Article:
I was getting out of my car with an armload of packages when I misjudged the step and fell on my butt. No injuries, but as is common with age, it was hard, if not impossible, to get up. It had happened to me a few weeks earlier and I had dialed 911 for help. So I dialed 911 again and in minutes a fire engine and crew were with me, checked me over and helped me to my feet.
But this time, probably to avoid another fire truck outing, they put me in an ambulance which took me to the hospital emergency entrance. And wheeled me in.
Eventually I was checked out and they called in an occupational therapist.
Eventually the therapist arrived — a neat and confident lady. She examined me, could find no problems. She was kind and quick and signed me out. I was free to do to my own apartment after a $17 taxi ride.
That was adventure one, sort of. While I was in the hospital, two doctors examined me and found a slow heartbeat. They had a cure for that — implantation of a pacemaker. This was quickly done, inserting a small plastic box about the size of a matchbox in my left shoulder under the skin.
From the pacemaker, wires were inserted in the large artery to the heart. They would impinge on the heart, transiting signals from the pacemaker. That would increase the beat of the heart to a more normal condition.
All well and good except for some conditions:
Don’t drive for several weeks until the doctor says OK.
Keep the left arm low to keep the pulse wires in place against the heart.
Don’t use the left arm to pick up 50 pounds.
So here I am, my left arm in complex sling, which is to remind me not to use it and to keep from lifting it in my sleep.
I also have a nice little booklet, titled Medtronic MRI Surescan Pacemaker, which I will read.
What next with the arm and pacemaker? I guess I’ll have to wait for doctors to decide.
Meanwhile, perhaps taking note of my falls, Carson Tahoe Health sent me a pamphlet “Patient & Family Fall Prevention.” I read it eagerly, anxious to avoid such mishaps. Starts out, “At Carson Tahoe Health patient safety is a top priority. It used to be that if you fell you got back up, dusted yourself off and blushed in embarrassment if someone saw you. But as you age, there’s a good chance a fall may bruise more than your ego. In older adults falls often cause broken bones and other injuries that can set off a chain of events leading to declining health, isolation and loss of ability to live independently.
“Many people over the age of 65 fall each year (I’ll agree to that!). Although most escape serious injury, many fear another fall so much that they begin to limit their lifestyle. But that’s exactly what you shouldn’t do. Staying active and making some common sense changes around your home can help prevent falls and their potential debilitating consequences.”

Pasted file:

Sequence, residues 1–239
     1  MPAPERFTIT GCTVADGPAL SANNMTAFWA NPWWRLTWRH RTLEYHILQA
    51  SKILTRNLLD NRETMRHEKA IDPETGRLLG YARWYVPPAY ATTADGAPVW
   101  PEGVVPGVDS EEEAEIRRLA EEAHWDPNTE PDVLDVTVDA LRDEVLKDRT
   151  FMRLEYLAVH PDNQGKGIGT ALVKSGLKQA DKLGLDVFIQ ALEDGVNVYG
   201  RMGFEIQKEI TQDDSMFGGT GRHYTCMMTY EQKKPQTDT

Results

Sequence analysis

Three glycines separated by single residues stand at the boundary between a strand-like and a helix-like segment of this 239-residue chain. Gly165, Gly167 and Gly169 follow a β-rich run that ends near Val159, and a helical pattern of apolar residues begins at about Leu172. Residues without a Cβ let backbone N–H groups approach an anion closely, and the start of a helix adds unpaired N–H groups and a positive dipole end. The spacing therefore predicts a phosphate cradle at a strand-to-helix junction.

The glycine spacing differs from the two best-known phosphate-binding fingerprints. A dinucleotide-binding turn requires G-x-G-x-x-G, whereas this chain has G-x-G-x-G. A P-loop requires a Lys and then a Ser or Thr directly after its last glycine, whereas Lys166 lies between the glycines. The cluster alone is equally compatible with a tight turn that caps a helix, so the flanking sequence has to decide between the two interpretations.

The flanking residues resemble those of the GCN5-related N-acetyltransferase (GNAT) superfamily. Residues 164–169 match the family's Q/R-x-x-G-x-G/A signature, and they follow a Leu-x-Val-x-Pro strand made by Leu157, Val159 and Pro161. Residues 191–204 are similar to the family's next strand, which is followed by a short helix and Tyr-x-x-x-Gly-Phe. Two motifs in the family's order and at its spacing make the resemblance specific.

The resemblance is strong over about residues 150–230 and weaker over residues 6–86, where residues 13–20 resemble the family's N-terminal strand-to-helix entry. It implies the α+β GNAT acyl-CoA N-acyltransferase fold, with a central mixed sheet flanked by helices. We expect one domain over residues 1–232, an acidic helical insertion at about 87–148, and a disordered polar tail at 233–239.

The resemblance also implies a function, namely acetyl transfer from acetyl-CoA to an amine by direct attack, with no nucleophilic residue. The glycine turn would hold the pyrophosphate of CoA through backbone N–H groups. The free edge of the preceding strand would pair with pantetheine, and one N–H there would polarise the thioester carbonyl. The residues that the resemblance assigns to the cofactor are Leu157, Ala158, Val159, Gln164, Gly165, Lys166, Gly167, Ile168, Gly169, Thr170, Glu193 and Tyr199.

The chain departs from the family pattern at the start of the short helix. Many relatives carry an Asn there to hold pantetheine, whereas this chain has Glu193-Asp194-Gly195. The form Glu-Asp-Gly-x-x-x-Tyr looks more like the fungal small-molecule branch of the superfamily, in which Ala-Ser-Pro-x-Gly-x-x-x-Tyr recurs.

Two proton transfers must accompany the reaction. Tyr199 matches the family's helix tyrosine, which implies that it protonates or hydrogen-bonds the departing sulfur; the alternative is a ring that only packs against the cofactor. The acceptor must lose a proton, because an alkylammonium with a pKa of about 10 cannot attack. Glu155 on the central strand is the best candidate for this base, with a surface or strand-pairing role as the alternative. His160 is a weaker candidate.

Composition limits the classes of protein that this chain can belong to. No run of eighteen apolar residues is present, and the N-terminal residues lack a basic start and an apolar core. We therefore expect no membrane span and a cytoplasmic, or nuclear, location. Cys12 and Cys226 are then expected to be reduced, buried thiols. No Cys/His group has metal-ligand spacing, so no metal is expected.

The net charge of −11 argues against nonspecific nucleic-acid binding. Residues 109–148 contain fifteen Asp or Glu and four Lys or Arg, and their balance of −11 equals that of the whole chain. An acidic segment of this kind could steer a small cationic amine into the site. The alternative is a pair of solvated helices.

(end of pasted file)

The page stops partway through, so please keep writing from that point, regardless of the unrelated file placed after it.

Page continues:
One reason falls are more likely as you get older is that your sense of balance declines and your reaction time slows. That makes it harder for you to avoid anything in your path, or to adjust to a sudden change in the surface you’re walking on.
Medications can also affect your balance or perception. Your risk of falling may increase if you take diuretics, sedatives, pain meds, high blood pressure meds or medications for some psychological conditions.
Older adults are often affected by many health conditions that can increase the risk of falls — such poor vision, gait and balance disorders, cardiovascular disease, lung disease, disorders affecting the legs or feet and bladder ills.
Safe hospital stays
Nurses will act to prevent falls. The course of an illness can make a person weak, so much more than we expect. Waking in unfamiliar surroundings with medications can cause disorientation. You may have one or two lines connected to your body (IV, oxygen) and it’s easy to get entangled in them.
Nursing will ask us to call for help when getting out of bed. Rise slowly.
Nursing will keep pathways clear of clutter.
Items that you will need are kept in reach.
Side rails will be fixed to your bed so that the controls of lights, TVs, and the nurse call light are close.
An emergency call cord may be attached as a bed alarm.
Family members may be called in and encouraged to take an active role in observing the patient.
Nursing will ask you to wear slippers with skid-proof soles. We can provide them for you.
You will be instructed on how to use assistance devices you may need, such as canes or walkers.
Fall prevention: Exercising to improve strength and balance, being alert to drug side effects and keeping the home free of clutter will help prevent falls.
Safety at home
Keep electrical and phone cords out of the way.
Arrange furniture so you can move around it easily.
Get rid of throw rugs.
Install grab rails around the tub and beside the toilet, non-skid mats in the tub or shower.
Use low-level night lights.
Keep stairways, hallways, and pathways free of clutter.
Wear rubber-soled or low-healed shoes.
Place light switches within reach of the bed and be sure the phone is within reach of the bed.
Keep a healthy diet.
Call light and phone in easy reach.
Hearing aids close.
Use eye contact when speaking.
Assess for disease
Monitor blood pressure changes
Notify doctor of altered mentation or mobility
Review meds with the doctor.
Observe patient hourly.
PT referral if needed
Walk patient in hallway
Use gait belt
Maintain mobility, up in chair for meals
Cane or walker within reach
Assess need for use of bathroom every 1-2 hours.